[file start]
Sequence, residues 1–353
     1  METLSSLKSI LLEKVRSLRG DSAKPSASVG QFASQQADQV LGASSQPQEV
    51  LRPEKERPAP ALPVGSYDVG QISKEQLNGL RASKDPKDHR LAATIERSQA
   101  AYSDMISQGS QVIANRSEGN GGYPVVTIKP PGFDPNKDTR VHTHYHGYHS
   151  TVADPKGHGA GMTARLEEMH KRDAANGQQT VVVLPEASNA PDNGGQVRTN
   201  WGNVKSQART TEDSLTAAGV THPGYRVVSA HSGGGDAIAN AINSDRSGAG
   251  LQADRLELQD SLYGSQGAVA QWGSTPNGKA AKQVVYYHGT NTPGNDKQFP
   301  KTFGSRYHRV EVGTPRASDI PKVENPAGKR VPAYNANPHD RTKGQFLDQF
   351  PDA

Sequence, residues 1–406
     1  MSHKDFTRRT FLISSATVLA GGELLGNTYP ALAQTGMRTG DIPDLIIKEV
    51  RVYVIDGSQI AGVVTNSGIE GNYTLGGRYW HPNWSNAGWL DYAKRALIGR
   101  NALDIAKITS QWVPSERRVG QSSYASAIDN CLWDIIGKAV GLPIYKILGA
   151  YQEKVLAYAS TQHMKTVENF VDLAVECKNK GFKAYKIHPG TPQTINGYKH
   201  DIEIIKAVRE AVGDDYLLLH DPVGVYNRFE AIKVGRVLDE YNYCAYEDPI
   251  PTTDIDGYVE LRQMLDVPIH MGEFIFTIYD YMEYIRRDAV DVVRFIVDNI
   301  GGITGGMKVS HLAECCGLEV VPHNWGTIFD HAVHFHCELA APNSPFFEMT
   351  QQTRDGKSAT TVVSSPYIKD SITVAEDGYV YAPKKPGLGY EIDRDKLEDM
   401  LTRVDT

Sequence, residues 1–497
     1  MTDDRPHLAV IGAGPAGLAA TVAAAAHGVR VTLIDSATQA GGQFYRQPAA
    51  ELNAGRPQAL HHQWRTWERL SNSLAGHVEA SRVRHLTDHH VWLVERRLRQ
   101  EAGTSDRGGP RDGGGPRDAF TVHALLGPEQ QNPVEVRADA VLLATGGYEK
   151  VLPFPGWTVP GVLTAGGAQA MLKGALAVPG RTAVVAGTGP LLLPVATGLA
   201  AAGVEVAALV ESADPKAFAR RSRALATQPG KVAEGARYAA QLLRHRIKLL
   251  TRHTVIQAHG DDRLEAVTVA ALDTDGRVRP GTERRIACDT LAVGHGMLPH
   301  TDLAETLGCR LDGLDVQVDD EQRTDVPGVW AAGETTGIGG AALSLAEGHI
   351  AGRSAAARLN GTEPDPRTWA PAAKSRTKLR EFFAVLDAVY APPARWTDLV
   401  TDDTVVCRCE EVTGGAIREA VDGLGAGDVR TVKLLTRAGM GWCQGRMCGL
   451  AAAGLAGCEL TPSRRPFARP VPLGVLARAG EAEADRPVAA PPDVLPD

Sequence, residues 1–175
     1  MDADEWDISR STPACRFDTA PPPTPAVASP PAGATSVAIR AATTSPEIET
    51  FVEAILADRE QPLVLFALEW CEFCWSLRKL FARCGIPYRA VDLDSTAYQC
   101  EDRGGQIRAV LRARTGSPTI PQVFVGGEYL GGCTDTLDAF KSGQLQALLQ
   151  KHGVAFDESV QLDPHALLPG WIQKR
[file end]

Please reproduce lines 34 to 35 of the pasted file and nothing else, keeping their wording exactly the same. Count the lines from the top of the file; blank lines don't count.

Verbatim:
   101  EDRGGQIRAV LRARTGSPTI PQVFVGGEYL GGCTDTLDAF KSGQLQALLQ
   151  KHGVAFDESV QLDPHALLPG WIQKR